Burnout is often discussed as an individual psychological condition, akin to a mental health disorder. An alternate view treats burnout similarly to a prominent view on trauma reactions, as an injury which can result from certain work conditions that are fertile ground for burnout-related experiences. In fact, among mental health professionals, organizational and practice demands appear to be stronger predictors than individual factors of burnout. One such demand is an emphasis on quantity or productivity over quality and balance. There could be a conflict between the goals of the organization and those of the worker; as the worker begins to feel unable to meet the goals that drive them, personally, to their commitment to the profession, the risk of burnout rises. Other problematic system factors include limited autonomy (indeed, feeling in control at work seems to be a protective factor against burnout), limited supervisor and colleague support, low opportunities for reward, and inequities in the workplace. These risks apply to any field. Burnout could be a warning sign, a precursor or opportunity to ward off significant professional crisis.
What can anyone do about it? Use of stress management strategies and self-care may help prevent or reduce burnout. In research, interventions that targeted by organization and individual factors appeared to have the most success in preventing and reducing burnout. Colleague support is important. Being on a team at work or joining a peer consultation group can provide a system of such support, and the opportunity to confer with colleagues is just one benefit of belonging to a professional association. Those at risk may benefit from colleague feedback or permission, so to speak, to prioritize their own care. Studied individual interventions have incorporated cognitive-behavioral coping skills, such as cognitive restructuring and skills training (including in assertiveness and relaxation), mindfulness and meditation, and interventions informed by positive psychology, such as incorporation of gratitude. Fortunately, these practices are the stock-in-trade of many psychologists. As humans, we are built to try to make meaning out of our lives, and having a purposed, meaningful work identity could work to counter burnout in our field. There is no easy answer, and the hardest task for dedicated psychologists experiencing burnout may be giving themselves permission to take time out to heal.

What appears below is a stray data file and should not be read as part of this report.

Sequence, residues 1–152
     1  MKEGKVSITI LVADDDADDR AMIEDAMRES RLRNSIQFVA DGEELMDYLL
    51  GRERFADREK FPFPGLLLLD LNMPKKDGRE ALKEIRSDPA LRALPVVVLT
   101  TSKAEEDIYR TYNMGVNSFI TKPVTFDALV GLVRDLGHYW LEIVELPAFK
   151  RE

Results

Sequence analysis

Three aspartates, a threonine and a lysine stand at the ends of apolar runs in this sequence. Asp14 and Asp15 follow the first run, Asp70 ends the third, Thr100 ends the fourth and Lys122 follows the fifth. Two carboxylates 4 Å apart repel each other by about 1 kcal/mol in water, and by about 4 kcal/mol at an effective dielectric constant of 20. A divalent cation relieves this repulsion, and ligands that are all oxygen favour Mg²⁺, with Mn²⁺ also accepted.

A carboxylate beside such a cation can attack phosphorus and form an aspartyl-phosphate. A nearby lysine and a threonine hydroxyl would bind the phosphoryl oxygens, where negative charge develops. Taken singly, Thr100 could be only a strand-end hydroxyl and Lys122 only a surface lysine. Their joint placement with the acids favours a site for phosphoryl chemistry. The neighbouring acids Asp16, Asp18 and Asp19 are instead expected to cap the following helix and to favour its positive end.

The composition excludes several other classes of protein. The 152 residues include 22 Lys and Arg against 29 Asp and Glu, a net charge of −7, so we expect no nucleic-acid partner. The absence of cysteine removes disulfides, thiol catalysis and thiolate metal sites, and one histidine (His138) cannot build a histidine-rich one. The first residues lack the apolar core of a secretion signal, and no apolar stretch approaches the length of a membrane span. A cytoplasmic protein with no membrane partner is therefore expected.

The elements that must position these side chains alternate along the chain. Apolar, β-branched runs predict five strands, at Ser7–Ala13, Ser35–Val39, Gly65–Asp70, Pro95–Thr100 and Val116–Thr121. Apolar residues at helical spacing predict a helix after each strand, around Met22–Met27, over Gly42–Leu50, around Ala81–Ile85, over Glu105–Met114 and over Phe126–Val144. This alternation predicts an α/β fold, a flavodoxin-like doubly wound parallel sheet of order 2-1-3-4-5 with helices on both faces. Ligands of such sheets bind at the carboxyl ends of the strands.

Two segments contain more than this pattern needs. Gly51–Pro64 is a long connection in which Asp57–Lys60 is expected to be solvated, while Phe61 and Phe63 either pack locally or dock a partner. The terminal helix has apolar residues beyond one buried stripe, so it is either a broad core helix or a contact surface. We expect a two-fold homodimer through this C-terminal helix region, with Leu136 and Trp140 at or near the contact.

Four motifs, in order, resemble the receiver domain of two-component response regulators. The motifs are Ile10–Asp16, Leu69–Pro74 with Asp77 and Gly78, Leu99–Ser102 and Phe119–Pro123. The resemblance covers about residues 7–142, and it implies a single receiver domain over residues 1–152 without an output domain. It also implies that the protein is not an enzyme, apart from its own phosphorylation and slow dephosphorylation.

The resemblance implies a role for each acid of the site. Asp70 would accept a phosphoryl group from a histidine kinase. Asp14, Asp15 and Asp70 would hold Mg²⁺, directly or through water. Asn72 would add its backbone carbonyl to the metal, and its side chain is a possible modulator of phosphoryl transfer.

Some APA resources include the Advisory Committee on Colleague Assistance, a committee which “focuses on the prevention of professional distress and impairment and on the consequences of impairment for the professional and the public”
You can find APA guidance on self-care here: